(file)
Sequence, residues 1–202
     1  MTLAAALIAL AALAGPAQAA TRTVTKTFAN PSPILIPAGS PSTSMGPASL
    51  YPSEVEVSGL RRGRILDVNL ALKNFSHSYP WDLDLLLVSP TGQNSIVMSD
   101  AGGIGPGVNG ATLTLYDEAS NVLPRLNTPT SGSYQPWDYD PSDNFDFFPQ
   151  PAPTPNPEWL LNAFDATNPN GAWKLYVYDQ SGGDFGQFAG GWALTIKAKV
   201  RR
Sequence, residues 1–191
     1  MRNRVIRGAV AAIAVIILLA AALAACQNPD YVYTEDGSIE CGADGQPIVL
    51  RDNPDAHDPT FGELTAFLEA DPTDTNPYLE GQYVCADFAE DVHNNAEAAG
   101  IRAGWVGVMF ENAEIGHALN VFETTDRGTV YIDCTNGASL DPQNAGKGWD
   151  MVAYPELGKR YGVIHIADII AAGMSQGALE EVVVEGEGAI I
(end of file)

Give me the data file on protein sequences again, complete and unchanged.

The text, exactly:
Sequence, residues 1–202
     1  MTLAAALIAL AALAGPAQAA TRTVTKTFAN PSPILIPAGS PSTSMGPASL
    51  YPSEVEVSGL RRGRILDVNL ALKNFSHSYP WDLDLLLVSP TGQNSIVMSD
   101  AGGIGPGVNG ATLTLYDEAS NVLPRLNTPT SGSYQPWDYD PSDNFDFFPQ
   151  PAPTPNPEWL LNAFDATNPN GAWKLYVYDQ SGGDFGQFAG GWALTIKAKV
   201  RR
Sequence, residues 1–191
     1  MRNRVIRGAV AAIAVIILLA AALAACQNPD YVYTEDGSIE CGADGQPIVL
    51  RDNPDAHDPT FGELTAFLEA DPTDTNPYLE GQYVCADFAE DVHNNAEAAG
   101  IRAGWVGVMF ENAEIGHALN VFETTDRGTV YIDCTNGASL DPQNAGKGWD
   151  MVAYPELGKR YGVIHIADII AAGMSQGALE EVVVEGEGAI I